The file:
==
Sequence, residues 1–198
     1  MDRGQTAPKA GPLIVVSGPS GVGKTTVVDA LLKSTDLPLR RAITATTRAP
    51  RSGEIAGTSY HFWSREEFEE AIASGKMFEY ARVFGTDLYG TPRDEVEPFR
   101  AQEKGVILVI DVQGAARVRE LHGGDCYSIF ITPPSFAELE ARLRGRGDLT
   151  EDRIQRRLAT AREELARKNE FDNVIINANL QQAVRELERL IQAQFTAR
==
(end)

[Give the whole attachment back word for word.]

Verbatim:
Sequence, residues 1–198
     1  MDRGQTAPKA GPLIVVSGPS GVGKTTVVDA LLKSTDLPLR RAITATTRAP
    51  RSGEIAGTSY HFWSREEFEE AIASGKMFEY ARVFGTDLYG TPRDEVEPFR
   101  AQEKGVILVI DVQGAARVRE LHGGDCYSIF ITPPSFAELE ARLRGRGDLT
   151  EDRIQRRLAT AREELARKNE FDNVIINANL QQAVRELERL IQAQFTAR